Can ownership of a vehicle be a valid employment requirement?
One of the most common reasons why citizens reach out to Ombudswoman Lora Vidović is the possible discrimination they face during employment process or in their work place. Among them was an anonymous complainant, who was competing for a real estate agent position, one that, among other things, required ownership of a vehicle.
However, this requirement places the applicants who do not own a vehicle in a less favourable position as it disqualifies them from getting the job. Not only that, but some qualified applicants most likely did not apply in the first place, after seeing the requirement. For this reason, we recommended to the agency in question to remove this discriminatory requirement from the job advertisement and in the future, to pay special attention to forming a business policy that would not place any candidates in an unequal position based on any of the discriminatory grounds.
While the Anti-discrimination Act does foresee certain exceptions, they do not apply in this case as ownership of a vehicle does not present an actual and decisive condition for performing the job of a real estate agent, thus making such condition discriminatory. Giving advantage to an applicant who owns a vehicle might be considered justified if, for example, there would be no public transportation in the place where the job is performed.
Furthermore, any exceptions to the general principle of non-discrimination apply only if the objective is legitimate and the requirement is proportionate, which is not the case here. Small and medium sized entrepreneurships face many problems, including fierce competition and limited market, and they tend to justify such employment requirements by financial or management reasons. However, granting a more favourable position to an applicant who owns a vehicle in relation to one who does not own one, with the goal of increasing their market competitiveness, represents direct discrimination on the grounds of property. Additionally, the competitiveness of an employer should in no way be based on the private property of their employees. It is rather their legal responsibility to ensure the appropriate working conditions and resources, including a vehicle, if they believe that this would lead to better business results.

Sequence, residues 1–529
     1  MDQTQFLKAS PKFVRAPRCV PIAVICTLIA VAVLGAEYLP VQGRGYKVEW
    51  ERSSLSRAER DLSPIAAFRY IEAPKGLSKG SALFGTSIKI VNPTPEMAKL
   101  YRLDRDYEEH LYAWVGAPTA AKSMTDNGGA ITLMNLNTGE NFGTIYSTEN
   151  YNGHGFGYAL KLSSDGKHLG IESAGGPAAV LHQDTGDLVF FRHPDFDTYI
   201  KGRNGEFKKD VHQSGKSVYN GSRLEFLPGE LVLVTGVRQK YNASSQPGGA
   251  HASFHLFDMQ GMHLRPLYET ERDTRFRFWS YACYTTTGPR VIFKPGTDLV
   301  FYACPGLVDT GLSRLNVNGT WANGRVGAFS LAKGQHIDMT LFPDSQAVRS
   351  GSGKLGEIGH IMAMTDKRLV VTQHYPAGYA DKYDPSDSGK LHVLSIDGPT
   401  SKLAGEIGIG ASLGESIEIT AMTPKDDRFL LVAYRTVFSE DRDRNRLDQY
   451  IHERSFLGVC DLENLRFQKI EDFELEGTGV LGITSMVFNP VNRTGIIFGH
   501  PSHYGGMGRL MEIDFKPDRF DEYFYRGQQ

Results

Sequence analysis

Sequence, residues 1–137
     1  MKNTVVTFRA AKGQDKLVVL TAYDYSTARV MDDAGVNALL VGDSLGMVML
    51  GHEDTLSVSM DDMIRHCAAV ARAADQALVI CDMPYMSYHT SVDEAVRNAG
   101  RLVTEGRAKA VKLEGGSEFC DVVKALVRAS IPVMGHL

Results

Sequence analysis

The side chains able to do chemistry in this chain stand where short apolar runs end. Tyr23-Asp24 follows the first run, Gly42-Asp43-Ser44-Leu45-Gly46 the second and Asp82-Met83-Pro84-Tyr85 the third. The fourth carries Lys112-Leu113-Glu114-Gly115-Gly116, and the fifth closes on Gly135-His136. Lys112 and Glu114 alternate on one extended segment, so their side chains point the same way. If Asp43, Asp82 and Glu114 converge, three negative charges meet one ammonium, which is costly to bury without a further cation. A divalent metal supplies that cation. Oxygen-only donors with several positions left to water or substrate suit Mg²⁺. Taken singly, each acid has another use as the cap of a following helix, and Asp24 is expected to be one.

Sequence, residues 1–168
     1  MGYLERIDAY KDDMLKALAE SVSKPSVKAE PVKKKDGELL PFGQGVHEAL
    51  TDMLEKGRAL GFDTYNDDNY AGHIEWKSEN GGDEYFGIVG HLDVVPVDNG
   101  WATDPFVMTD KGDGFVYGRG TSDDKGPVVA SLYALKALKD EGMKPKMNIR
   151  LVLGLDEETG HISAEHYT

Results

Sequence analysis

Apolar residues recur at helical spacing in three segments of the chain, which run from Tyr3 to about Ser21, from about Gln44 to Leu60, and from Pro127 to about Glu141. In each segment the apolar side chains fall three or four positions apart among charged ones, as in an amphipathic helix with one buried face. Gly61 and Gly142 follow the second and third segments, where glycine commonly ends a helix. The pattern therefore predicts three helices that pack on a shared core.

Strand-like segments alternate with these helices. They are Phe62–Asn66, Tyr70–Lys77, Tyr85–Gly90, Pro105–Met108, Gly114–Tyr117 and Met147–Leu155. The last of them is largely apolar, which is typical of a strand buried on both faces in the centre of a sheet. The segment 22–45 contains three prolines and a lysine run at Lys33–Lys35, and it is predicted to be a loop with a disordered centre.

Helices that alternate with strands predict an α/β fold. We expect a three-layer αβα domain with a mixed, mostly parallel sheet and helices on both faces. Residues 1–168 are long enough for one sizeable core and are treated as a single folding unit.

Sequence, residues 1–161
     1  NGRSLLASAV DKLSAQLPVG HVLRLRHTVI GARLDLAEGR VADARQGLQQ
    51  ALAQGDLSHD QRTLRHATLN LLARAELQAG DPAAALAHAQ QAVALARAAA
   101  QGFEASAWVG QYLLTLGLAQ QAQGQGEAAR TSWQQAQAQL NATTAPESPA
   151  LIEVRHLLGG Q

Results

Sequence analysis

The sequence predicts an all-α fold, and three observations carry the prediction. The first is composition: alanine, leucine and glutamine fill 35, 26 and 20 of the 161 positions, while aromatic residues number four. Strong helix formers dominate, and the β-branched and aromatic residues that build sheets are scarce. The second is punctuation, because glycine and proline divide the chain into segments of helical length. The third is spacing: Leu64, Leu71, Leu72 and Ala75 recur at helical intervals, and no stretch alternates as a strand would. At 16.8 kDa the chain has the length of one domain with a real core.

When the Anti-discrimination Act came into force in 2009, the Ombudsman became the central body responsible for the combating discrimination. Therefore, anyone who believes that they have been treated unfavourably on the grounds of property, age, health, national origin, ethnic affiliation or any of the grounds listed in the Act, not only in the field of employment, but also labour, education, healthcare and other areas noted in the Act, can reach out to us using our contact details or our special Anti-discrimination phone line at 01 4851 845, Monday-Friday from 9:00 AM to 1:00 PM.
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